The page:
Bon Iver

Justin Vernon doesn’t have time to be overwhelmed. Better known as Bon Iver, a variation on the French saying for “good winter,” the musician behind this winter’s hauntingly beautiful debut For Emma, Forever Ago has been on a non-stop course since the album was re-released in February on Jagjaguwar Records.

Originally independently released, the album gained momentum from a devoted following on the Internet, garnering praise from the likes of hype machine Pitchfork Media and National Public Radio.

“Of course I am happy about the success of the album. I’ve heard from people that they feel some pretty special things from my music and well… what more can you say about that?” Vernon said. While Vernon admits he was approached by several record labels concerning the album, the decision to sign with Jagjagwar was obvious from the start.

“[Jagjaguwar] felt like brothers. It was an easy choice and we’ve been in a great relationship since then,” Vernon said. For that matter, the creation and destruction of relationships is the reason that Bon Iver even exists. Following the disbanding of his former group DeYarmond Edison and several failed personal relationships, Vernon retreated to a remote cabin in the woods of Wisconsin near his father’s saw mill to “be quiet, embrace the solitude and relax.”

Initially, Vernon spent his time working on the land by chopping wood and cutting trees for the mill. He never intended the journey to be about making music, but he soon found himself picking up a guitar and recording his thoughts on his past experiences.

“The whole process was really backwards,” he explained. “I intended to spend time with myself and instead I came out with this collection of songs that felt like brothers and sisters to me.” The resulting For Emma, Forever Ago is the work of a man comfortable when left to his own vices.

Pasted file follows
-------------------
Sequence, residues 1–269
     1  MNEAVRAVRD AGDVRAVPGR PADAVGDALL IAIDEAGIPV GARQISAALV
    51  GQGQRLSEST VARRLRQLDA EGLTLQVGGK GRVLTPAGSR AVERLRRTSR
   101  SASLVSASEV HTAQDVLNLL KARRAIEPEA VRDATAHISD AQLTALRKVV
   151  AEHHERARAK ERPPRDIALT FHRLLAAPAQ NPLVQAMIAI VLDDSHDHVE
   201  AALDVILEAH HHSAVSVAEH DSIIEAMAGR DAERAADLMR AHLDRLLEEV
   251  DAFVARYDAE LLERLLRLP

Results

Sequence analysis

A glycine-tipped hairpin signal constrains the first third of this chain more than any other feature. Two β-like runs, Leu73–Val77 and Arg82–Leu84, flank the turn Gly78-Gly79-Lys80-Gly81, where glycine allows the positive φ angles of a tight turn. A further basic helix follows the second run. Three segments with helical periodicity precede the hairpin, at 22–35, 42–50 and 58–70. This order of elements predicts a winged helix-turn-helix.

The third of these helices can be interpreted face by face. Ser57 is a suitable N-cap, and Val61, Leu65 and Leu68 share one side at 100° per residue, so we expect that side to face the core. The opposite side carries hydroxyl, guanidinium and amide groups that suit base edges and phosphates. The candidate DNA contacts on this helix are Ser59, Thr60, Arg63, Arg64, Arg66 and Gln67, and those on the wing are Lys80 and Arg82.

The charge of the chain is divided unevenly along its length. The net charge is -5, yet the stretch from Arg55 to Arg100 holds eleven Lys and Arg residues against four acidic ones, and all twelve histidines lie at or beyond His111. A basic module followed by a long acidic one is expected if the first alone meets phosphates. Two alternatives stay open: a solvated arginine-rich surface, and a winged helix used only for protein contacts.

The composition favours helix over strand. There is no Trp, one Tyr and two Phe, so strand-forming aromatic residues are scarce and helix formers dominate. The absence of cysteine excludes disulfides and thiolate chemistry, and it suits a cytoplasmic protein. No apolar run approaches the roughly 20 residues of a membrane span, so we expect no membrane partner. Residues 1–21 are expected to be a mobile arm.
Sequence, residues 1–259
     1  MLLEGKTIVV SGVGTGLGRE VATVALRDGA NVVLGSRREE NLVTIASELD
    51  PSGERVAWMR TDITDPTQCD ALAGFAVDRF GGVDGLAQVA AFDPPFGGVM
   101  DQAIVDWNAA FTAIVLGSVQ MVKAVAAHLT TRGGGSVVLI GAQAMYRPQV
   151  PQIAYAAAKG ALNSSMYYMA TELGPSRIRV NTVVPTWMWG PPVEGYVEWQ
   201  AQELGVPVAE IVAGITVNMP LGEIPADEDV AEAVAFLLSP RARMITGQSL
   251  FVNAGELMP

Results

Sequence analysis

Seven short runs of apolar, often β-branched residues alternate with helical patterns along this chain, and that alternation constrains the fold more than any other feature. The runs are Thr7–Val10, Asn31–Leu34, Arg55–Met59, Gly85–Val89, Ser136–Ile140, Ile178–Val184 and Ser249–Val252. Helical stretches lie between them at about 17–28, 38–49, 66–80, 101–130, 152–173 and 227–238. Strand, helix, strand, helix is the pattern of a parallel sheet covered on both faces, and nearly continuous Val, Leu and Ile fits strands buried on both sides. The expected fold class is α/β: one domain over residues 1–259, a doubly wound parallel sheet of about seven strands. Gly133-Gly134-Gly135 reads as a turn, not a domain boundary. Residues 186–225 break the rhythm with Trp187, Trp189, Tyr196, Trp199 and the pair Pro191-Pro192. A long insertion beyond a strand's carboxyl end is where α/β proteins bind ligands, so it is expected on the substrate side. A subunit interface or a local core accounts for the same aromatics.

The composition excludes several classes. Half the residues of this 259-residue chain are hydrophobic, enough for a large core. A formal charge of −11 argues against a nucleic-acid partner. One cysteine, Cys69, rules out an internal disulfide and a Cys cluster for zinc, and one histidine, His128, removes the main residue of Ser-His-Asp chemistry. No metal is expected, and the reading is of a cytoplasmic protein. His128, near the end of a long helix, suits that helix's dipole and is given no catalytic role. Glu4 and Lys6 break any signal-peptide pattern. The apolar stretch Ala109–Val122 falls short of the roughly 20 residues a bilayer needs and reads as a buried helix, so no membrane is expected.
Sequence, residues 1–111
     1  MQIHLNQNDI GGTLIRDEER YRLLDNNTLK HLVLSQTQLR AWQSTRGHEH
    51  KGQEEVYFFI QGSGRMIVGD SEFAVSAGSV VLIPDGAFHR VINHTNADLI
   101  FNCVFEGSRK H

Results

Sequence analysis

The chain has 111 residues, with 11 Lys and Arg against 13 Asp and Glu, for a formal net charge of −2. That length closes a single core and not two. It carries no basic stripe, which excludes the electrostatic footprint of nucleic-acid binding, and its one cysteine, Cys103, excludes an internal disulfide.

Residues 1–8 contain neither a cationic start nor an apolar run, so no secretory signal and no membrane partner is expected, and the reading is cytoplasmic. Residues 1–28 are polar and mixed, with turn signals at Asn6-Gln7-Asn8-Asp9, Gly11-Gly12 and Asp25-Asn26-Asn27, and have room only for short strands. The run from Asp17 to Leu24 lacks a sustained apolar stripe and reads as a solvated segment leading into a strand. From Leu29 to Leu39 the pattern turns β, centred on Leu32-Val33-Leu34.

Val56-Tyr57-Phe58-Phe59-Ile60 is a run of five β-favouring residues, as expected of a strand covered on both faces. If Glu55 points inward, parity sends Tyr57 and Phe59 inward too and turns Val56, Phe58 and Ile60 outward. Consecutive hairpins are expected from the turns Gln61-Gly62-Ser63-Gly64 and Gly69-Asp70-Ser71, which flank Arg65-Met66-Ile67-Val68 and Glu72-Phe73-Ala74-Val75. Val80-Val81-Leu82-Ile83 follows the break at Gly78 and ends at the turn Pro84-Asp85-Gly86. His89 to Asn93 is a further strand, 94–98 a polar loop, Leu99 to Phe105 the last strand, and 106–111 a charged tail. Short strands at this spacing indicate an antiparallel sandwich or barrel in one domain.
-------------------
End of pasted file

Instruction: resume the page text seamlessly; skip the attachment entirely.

“Of course I miss recording music with others, but there is something to be said for the places you can go on your own. Without the distraction of other creative voices, you are left to find out what is really important to you,” Vernon said.

Though Bon Iver is essentially the solo work of Justin Vernon, he is joined by anywhere from one to three musicians to provide a fuller sound in live aspects. Faced with the challenge of translating such an intimate record to a public setting, Vernon doesn’t intend to make any grand changes.

“I think of touring as simply a fun way to experience music in an extroverted sense. I don’t like to get too complicated about it,” he said.

Bon Iver will finish up a tour of the United States in mid-April following a stop in Urbana at the Canopy Club on Wednesday, April 10, with Collections of Colonies of Bees. Vernon hopes to record again this summer during a small break in touring before heading to Europe in the fall.

When asked of future plans outside of music, Vernon didn’t hesitate for a moment before remarking, “I’d love to move to the woods someday and live off the land; maybe sell a craft, live simply.”

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